Capital Investments

Things You Must Know

Introduction to Accounting

Capital Investments (Long-term Decisions)

A decision to make an investment in something that will give returns over a long period of time.

A capital investment is related to property/plant/equipment or an entire business operation.

Types of Capital Budgeting Decisions

1) Purchase new equipment to reduce costs
2) Purchase new property/equipment for expansion
3) Should equipment be leased or purchased
4) Should old equipment be replaced
5) Should you purchase another company
6) Should you enter into a new product line requiring capital investment


Only relevant cash inflows and outflows are considered when making the decision

The Time Value of Money:

A dollar today is worth more than a dollar a year from now. The dollar can be invested to earn if you have it, therefore it is worth more to have it today than later. It costs you more to spend it today than it costs to spend the same dollar amount later.

Always consider what future cash flows are worth today

Present Value is the equivalent of what the future cash flow dollar is worth today. Present Value will vary as the required discount rate varies.

Present Value Table:

Present Value of $1 Table
Use when you have a one-time payment or receipt of cash

Present Value of an Annuity Table
Use when you have a series of equal cash payments or cash receipts – most often annual cash flows.

Cost of Capital
The annual interest the company incurs on long term debt and equity

Discount Rate
The company’s required rate of return.
This rate is set by management and must be equal to or higher than the cost of capital.

Net Present Value Method:

Compare the present value of cash inflows to the present value of cash outflows.

A positive net present value means that the investment will give more than the required rate of return. It is not a calculation of how much the asset will earn.

Cash Inflows:

Incremental revenues
Cost savings
Salvage value when sold
Release of working capital


Cash Outflows:

Initial investment (purchase)
Additional working capital required
Repairs and maintenance
Incremental operating costs


A discount rate (required rate of return) must be selected:
This is the % return that the project must earn to be acceptable.

The assumption is made that all cash flows, other than the initial investment, occur
at the end of the period.

Depreciation is not a cash flow. Depreciation is a tax shield at the tax savings rate if your professor teaches that you should consider the after tax cash flows,


Net Present Value Table:

Set up a table to compare present value of cash inflows and outflows:

Cash flow       PV Present
Description Years Amount of cash x Factor = Value of CF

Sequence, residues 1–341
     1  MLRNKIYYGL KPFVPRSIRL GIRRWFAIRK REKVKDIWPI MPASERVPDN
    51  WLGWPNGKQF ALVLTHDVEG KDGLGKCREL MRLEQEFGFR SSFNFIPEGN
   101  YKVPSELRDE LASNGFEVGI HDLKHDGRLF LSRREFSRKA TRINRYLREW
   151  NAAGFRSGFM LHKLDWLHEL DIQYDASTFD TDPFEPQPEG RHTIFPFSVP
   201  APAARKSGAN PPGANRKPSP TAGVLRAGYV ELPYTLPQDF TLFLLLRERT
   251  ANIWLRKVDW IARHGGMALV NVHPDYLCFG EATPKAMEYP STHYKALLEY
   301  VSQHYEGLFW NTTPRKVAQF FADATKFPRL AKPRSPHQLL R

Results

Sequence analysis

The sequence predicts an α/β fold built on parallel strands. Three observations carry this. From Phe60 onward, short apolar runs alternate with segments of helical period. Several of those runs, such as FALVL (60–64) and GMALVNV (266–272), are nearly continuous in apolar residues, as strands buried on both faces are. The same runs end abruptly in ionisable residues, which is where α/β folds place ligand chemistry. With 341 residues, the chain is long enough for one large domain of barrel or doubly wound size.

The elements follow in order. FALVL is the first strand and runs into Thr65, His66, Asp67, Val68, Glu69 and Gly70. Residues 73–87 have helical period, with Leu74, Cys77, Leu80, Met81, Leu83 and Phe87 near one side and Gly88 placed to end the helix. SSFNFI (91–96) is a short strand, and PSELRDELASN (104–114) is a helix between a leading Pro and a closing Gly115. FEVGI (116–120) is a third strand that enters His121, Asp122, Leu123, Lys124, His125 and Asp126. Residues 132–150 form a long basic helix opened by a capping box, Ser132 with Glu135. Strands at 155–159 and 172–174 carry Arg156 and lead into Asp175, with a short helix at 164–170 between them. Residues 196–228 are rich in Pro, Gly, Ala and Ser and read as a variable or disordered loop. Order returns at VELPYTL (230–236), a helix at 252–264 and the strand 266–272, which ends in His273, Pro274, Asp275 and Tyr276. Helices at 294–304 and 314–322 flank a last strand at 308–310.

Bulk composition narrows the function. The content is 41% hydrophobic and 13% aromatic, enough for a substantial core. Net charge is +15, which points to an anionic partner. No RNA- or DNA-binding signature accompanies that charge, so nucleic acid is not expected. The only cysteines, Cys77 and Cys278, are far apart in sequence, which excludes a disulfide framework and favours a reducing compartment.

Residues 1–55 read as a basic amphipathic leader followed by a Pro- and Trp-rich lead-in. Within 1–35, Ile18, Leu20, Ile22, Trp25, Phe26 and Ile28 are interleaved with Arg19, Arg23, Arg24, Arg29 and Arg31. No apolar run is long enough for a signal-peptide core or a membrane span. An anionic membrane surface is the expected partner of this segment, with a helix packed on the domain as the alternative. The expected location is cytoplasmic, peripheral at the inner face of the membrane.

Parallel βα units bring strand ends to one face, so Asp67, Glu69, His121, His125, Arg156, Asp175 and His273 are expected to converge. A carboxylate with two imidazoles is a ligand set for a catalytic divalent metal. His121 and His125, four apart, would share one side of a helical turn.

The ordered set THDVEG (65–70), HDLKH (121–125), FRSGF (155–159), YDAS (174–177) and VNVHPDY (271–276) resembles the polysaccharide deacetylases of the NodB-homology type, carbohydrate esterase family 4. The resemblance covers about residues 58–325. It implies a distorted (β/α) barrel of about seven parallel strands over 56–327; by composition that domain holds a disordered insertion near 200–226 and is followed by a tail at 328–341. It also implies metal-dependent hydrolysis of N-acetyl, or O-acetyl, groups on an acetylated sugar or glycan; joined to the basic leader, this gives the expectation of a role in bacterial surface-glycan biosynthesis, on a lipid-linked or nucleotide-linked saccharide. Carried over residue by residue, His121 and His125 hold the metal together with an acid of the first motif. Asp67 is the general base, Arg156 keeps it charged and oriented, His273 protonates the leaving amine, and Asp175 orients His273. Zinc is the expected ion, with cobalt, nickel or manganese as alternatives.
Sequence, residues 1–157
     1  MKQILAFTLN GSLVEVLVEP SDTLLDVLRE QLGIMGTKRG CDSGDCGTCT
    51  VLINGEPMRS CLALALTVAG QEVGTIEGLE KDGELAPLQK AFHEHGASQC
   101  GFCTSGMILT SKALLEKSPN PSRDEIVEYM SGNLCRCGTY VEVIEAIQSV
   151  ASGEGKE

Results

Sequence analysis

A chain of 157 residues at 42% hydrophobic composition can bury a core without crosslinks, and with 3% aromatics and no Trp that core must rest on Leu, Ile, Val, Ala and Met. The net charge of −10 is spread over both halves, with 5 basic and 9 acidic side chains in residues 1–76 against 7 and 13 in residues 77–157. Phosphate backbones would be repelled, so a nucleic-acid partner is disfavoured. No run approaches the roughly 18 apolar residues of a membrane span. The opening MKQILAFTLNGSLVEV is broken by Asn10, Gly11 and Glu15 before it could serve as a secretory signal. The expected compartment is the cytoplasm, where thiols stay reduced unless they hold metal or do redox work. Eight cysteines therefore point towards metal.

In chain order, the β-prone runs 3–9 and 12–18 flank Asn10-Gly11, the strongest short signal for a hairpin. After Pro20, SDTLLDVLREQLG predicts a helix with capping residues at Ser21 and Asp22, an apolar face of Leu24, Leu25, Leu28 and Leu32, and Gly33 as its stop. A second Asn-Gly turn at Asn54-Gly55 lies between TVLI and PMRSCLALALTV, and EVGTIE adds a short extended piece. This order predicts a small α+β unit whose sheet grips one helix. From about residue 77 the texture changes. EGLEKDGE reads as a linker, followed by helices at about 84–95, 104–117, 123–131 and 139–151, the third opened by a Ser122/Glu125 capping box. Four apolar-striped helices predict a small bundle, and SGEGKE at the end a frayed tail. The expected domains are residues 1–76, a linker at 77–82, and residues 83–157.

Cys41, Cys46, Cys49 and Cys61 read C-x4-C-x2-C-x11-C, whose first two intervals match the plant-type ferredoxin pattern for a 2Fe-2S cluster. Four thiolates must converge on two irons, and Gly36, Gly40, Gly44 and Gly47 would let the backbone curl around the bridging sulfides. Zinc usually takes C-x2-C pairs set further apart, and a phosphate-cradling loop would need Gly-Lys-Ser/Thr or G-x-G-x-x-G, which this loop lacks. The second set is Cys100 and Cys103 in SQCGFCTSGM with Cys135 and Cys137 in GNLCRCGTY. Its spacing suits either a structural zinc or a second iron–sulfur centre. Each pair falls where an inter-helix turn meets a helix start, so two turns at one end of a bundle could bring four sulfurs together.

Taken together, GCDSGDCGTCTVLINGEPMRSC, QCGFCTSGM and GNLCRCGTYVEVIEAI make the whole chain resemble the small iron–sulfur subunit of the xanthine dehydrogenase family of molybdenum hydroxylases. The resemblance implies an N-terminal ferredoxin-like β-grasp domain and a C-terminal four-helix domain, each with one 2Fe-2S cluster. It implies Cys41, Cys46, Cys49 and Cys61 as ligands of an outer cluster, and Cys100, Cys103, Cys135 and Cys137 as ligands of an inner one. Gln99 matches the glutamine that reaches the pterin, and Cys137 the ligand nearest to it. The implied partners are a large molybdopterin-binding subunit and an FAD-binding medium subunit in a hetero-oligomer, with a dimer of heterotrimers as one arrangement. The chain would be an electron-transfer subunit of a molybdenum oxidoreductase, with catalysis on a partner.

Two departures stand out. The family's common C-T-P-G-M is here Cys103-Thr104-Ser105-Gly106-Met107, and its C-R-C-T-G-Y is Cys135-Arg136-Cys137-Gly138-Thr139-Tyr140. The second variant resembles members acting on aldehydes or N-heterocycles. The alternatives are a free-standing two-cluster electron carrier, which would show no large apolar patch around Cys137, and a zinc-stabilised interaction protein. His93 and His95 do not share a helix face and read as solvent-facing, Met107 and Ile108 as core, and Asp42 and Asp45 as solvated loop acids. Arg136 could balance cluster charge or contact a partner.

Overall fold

Only list relevant cash flows on the net present value table


Least – Cost Decisions:

Determine which alternative has the lowest cost.
Find the net present value of net cash out flows for each.
Select the alternative that has the highest total net present value.

Use same table as above.


Internal Rate of Return (IRR) Method:

Factor for the internal rate of return       =   Investment Required   
Net Annual Cash Flows

Go to the table for net present value of an annuity.

Go down to the number of years and then go across the table until you get to the number that is closet to the factor.

The column you are in is the rate of return number.

Use the table factor closest to your calculated factor.

The Payback Method:

Payback Period =   Investment Required  
Net Annual Cash Flows

The amount of time (in years) it takes to be paid back the investment required

Payback period does not consider the time value of money. It is the time required to recoup the investment with 0% interest.

Net annual cash flows do not include depreciation (not a cash flow)


Annual Rate of Return:

Annual Net Cash Flows – Annual Depreciation
                          Initial Investment


Annual Rate of Return is also called the Accounting Rate of Return and the Simple Rate of Return


Annual Rate of Return is a representation of a return from an operating income perspective and is not based solely on cash flows. Non cash expenses are included


Income Tax Considerations When Computing Net Present Value

Your instructor may or may not teach that you must consider income tax when you
compute net present value. Please check your notes to see if you are to consider
the impact of income taxes on cash flows.

Considering income tax means all cash flows must be an after-tax amount

After tax cash amount is computed by taking (1 – tax rate %) x the cash flow amount


If you are expected to consider income taxes, you will do everything as explained above and will also do the following:


1) Convert all cash flows to after tax amounts

2) Consider depreciation to be a cash inflow (it is a tax savings)

Depreciation expense x tax % = cash flow savings


All practice tests will ignore tax considerations because this is most common in managerial/principles II classes.